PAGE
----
Graphic of a conference engagment planConferences are a significant financial investment. But the visibility they provide for you and your business can be invaluable.

Put your best foot forward with this comprehensive conference engagement plan. We’ve got you covered from pre-show to the show’s run to post-show.

Ask yourself four questions

First things first. Before registering for the conference, ask yourself the following questions to get your mind around the potential investment, time and resources involved—especially if you plan to have a booth.

1. Why are you going? 

Is your objective to uncover new leads, introduce a new product or attract possible partners or investors? Is it to bolster brand awareness or get the scoop on what the competition is doing? Get specific to help focus your tactics and establish what metrics to track when measuring the ROI.

2. Can you present at the conference?

Chances are the keynote speakers are already locked in, but opportunities to present in breakout sessions might still be available. These sessions are great because they provide an intimate setting, allowing for more attendee engagement and participation. Speaking or leading a breakout session is an excellent way to demonstrate authority in your area of expertise and provide valuable information to would-be prospects.

3. If you plan to exhibit, are your booth and swag up to snuff?

To borrow from Bruno Mars, if you’re going to show up at a conference, you better show out. Meaning if you’re going to do it, do it right.

You don’t want to stand in a shabby-looking booth (and your prospects and other attendees don’t want to be seen standing in one). Your banners, tablecloths and other booth accents should match and look sharp.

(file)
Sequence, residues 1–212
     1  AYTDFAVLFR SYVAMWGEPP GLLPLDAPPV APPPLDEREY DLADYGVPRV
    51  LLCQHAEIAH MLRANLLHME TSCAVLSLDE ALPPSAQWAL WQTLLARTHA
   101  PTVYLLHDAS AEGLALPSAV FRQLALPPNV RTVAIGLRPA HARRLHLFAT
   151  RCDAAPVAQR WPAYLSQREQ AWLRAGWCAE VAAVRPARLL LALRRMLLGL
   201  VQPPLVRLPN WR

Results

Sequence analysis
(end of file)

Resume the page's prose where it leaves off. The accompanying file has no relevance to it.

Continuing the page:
Make sure you have enough company-branded swag to last the entire conference. Try to offer swag people can use—think notepads and reusable totes, not novelty items.

4. How will you measure success and ROI?

Your company’s leadership will want to know if attending a conference was worth the investment. Set measurable goals, such as how many new leads you want to generate, how many people stop by your booth, or how much you learn about the competition.

Now, it’s time to put together your conference engagement plan.

Three phases of a conference engagement plan

Phase one: Pre-conference activities

You’ve paid your registration fees. Now it’s time to let everyone know your company is attending the conference. Here’s how to build that anticipation.

Consider adopting a theme

Your theme could align with the conference’s theme, an industry trend, your organization’s specific business goals, or the event location. Weave that theme into all your communications and booth details. Choose a versatile theme, and you can use it for multiple conferences.

Get the word out on the web

Announce that you’re attending on your company website’s home page or create a dedicated landing page. The page can allow attendees to book one-on-ones with your team while you’re there, enter to win giveaways and take advantage of other offers.